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Negative Self-Talk: 3 Simple Steps towards Self-Confidence

From criticizing our own reactions to situations to looking for the bad in everything, all of us have been in a position where negative self-talk seems to cloud all other thoughts. Regardless of how optimistic of a person you may consider yourself, no one is positive with their thoughts all the time. However, negative and critical self-talk can damage everything from your own self-confidence to your relationships if you’re not aware of it, and the key to overcoming negative self-talk is something that all of us can benefit from.


What is negative self-talk?

The Mayo Clinic refers to self-talk as “the endless stream of unspoken thoughts that runs through your head,” which is a perfect way to put it. Whether you’re thinking about the cup of coffee sitting on your desk, your mountain of a to-do list, the date you have on Friday night, or the latest episode of “The Bachelor,” you’re constantly thinking about something. 

When those thoughts turn into negative ones — like obsessing over the driver who honked behind you on your morning commute, convincing yourself that you aren’t worthy of a text back, or thinking that you’re not good enough — you run the risk of turning everything into a shade of grey. Incessant negative self-talk “robs you of peace of mind and emotional well-being and, if left unchecked long enough, it can even lead to serious mental health problems like depression or anxiety.”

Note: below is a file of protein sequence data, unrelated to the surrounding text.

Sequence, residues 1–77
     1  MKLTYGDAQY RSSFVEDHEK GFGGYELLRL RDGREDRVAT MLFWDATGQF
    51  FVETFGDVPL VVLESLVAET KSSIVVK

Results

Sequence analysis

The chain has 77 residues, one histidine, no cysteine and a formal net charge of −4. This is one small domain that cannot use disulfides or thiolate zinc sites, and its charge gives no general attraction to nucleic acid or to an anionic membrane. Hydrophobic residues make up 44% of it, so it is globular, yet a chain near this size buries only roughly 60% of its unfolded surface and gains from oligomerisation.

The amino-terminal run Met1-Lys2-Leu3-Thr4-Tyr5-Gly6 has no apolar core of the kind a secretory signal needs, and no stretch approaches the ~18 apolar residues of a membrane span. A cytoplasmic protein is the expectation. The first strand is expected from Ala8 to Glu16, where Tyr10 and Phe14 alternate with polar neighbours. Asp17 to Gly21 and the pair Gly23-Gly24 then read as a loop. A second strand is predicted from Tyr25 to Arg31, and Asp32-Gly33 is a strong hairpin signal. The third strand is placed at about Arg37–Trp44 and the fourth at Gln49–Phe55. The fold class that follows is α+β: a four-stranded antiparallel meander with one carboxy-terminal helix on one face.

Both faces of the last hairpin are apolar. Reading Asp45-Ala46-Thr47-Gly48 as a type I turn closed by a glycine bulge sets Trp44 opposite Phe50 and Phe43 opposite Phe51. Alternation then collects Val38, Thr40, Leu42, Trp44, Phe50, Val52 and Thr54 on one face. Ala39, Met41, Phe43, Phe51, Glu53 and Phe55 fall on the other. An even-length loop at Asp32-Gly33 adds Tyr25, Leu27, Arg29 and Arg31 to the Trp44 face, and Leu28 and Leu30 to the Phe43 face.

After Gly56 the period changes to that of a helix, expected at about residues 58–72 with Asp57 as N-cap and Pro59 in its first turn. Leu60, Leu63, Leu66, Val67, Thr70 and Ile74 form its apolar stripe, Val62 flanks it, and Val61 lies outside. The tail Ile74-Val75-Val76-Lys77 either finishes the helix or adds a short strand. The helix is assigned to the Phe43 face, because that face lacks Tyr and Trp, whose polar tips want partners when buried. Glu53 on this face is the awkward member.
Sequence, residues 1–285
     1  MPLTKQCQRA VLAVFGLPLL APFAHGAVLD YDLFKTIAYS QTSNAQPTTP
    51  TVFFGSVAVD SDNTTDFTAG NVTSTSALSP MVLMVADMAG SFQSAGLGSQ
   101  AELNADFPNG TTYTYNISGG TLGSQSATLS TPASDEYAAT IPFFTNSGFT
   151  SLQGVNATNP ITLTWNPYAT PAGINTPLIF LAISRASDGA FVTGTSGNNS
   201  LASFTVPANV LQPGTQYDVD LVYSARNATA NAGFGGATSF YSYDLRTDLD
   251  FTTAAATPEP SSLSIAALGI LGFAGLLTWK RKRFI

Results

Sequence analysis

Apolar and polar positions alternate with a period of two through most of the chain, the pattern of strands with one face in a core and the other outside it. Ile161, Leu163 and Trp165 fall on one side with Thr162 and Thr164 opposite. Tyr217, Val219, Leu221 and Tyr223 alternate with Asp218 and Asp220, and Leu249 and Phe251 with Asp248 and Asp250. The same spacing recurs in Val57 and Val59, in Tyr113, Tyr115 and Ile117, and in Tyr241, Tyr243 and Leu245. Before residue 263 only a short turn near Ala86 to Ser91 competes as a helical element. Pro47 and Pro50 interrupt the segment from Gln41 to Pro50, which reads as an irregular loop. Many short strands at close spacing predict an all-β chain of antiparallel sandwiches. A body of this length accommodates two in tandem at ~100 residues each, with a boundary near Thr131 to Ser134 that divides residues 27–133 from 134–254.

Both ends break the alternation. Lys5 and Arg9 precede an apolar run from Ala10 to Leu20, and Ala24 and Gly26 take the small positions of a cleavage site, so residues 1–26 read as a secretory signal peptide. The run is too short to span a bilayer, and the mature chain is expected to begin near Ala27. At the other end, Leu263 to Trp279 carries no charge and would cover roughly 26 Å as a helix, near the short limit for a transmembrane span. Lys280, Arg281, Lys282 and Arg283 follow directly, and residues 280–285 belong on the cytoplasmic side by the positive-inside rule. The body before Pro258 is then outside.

All of us can be overly critical of ourselves in a way that we aren’t about other people. For some, that means thinking negatively about our bodies and for some, that means thinking that our best is never good enough. Regardless of what it is that sets you off, consistent negative self-talk can quickly shape our sense of self into something that’s unhealthy, leading to poorer relationships, shakier lives at work, and a way to self-sabotage our successes.


Are you a negative self-talker?

It’s smart to do a “thought audit” from time to time to identify negative thinking patterns and nip them in the bud. Here are 4 questions to ask yourself:

  1. Am I constantly searching for the negative in day-to-day situations?
  2. Am I constantly thinking only in black and white?
  3. Am I convinced that everything negative is because of me?
  4. Am I imagining the worst possible outcome for every situation?

Once you’ve figured out what areas you’re struggling in, you can take some actionable steps to stop negative self-talk in its tracks.


3 steps to defeating negative self-talk

Start trying to practice these small changes to combat negative self-talk and pursue a healthier sense of self.

1. Similar to your thought audit, start logging your negative self-talking thoughts. You can get fancy with a pretty notebook or pen, or you can simply use the notes app on your phone. When something negative floats into your stream of consciousness, write it down and also see if you can find a trigger for it. Simply being aware of your thoughts can be more helpful than anything else.

2. Once you start feeling negative thoughts seep in, stop them in their tracks with the exact opposite of whatever you’re feeling. Sometimes this will be easier than others, and sometimes it’ll feel like you’re forcing it, but it really works.=

3. Sometimes, you just need to take a minute. For some of us, this means getting out of the office or room we’re in and taking a walk, and for some of us, it simply means closing our eyes and taking a few deep breaths. Everyone gets overwhelmed sometimes — there’s no way around it — and negative self-talk can often be a result of that. Instead of beating yourself up for needing a second, give yourself some grace. The negative thoughts are harder to come by when you’re more relaxed.

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